Detaching from Detachment
I’m standing in line at a local coffee shop — there’s only a couple people in front of me — but for quick minute, I pull out my phone and check the most recent couple of Tweets until it’s my turn to order.
Later, I’m at lunch with a friend and he briefly leaves to use the restroom. As soon as he has taken a step away from the table, I’ve already grabbed my phone, refreshed my mail app, and am scrolling over subject lines to see if anything jumps out.
When I have fifteen-minutes between appointments, I aimlessly wander through my Instagram feed then check to see if I have any new FaceBook notifications.
In the evening, I’m in a conversation with my wife or wrestling with my kids when my phone buzzes, causing me like one of Pavlov’s dogs to turn my attention to my phone and away from my family.
The scary part is, I do all of these things automatically. Habitually. Without even thinking about them. If I have a silent moment, I’ll check my email. If I’m tired or stressed out, I’ll find quick relief mindlessly scrolling through social media. If my phone buzzes, I come running.
But even then, I never have to run far as there is rarely a moment throughout the day when it is out of my reach. In fact, my phone is my most faithful companion. It is the last thing I see as I set its alarm going to bed, and it is the first thing I see as I turn off its alarm when I wake up. I won’t even get started on the anxiety I feel when the battery drops below 20%.
Honestly, my attachment to my phone is at the point where the line has blurred between whether I control my phone or it controls me, which is unhealthy. It’s wrong. And, this blurred line of control is causing real damage in my life.
Countless times now, I’ve missed out on the opportunity to be fully present in a coffeeshop, enjoying the aesthetics and being attentive in my interactions with the barista. I’ve sold the times with my friends short by not using the brief moments of their absence to thoughtfully reflect on encourage them or follow up with a question about something they’ve shared. And, most tragically, by allowing myself to be so easily interrupted whenever my phone lights up, I’ve communicated to my family that whatever is happening on my phone is more important or pressing than the moments I am sharing with them there-in-that-moment.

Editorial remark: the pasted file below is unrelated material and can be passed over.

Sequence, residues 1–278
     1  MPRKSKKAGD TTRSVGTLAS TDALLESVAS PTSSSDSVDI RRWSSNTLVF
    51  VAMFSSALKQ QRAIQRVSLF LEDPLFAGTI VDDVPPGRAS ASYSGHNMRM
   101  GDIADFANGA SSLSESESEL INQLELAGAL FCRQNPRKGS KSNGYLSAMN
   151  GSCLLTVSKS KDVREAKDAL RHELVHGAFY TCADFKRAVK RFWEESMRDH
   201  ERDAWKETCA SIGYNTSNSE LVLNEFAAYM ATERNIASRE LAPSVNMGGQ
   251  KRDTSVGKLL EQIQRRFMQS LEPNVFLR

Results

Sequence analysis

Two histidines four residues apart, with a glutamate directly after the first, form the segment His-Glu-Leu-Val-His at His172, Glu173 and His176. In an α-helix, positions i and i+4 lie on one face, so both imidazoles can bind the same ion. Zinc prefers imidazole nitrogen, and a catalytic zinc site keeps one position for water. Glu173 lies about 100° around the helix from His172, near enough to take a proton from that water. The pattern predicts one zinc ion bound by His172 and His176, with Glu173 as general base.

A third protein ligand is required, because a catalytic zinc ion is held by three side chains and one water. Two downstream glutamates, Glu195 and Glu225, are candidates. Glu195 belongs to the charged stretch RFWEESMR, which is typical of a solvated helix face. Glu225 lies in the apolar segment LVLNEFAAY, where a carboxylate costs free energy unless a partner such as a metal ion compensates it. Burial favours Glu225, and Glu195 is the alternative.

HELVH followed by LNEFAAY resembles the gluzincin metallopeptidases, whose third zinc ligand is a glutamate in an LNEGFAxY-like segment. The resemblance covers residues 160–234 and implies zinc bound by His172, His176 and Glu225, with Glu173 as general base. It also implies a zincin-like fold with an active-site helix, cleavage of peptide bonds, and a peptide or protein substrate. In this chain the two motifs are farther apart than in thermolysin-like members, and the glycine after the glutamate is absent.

And, truly, I am so sorry for that. It grieves me deeply. All of it.
I’m confessing my sin and struggle with an idolatrous dependance upon my phone because I anticipate that many of you relate. I figure that most of you, too, have had similar struggles in relation to these powerful and invasive devices.
Paul says in 1 Corinthians 6:12, “‘All things are lawful for me,’ but not all things are helpful. ‘All things are lawful for me,’ but I will not be dominated by anything.”
Let me be clear, your phone is absolutely lawful for you to have. It is not wrong for you to own a smartphone. But, just you’re allowed to have a smartphone does not mean your phone is necessarily helpful to you. In fact, Paul implicitly warns that even things that are lawful can dominate, or enslave, you.
So, I ask:
- Could you go a week without your smartphone, or does the thought of going without it cause you anxiety? What is it about not having your phone that makes you anxious?
- Have the people you’re physically present with most often — your spouse, children, roommates, or family members — ever expressed concerns about your attachment to your phone? If so, how have you responded? Do they feel the priority of their presence when you are together, or do they take a backseat to what’s happening on your phone?
- Does your phone generally assist you in accomplishing God’s will in your life? Does it make you more productive in your work and effective in your ministry? Or, more often, does it distract you from completing your tasks and being present where God has placed you?
Based on my own answers to these questions, I have identified several habits with my phone that I need to change. I need to exercise greater self-control and create more separation between myself and my device. I need to delete several apps that suck my time and attention, and turn off nearly all of my notifications. And, I need to put my phone out of reach when my family is present to give them them priority they deserve.
You likely need to make some of these changes, and others, as well. But why? Here’s one motivation: in order “to lay aside every weight, and sin which clings so closely” so that we may “run with endurance the race that is set before us,” as we look to Jesus and experience in greater measure the incomparable joy that is found in a life lived in service to him (Hebrews 12:1–2).
To that end, please you pray with me . . .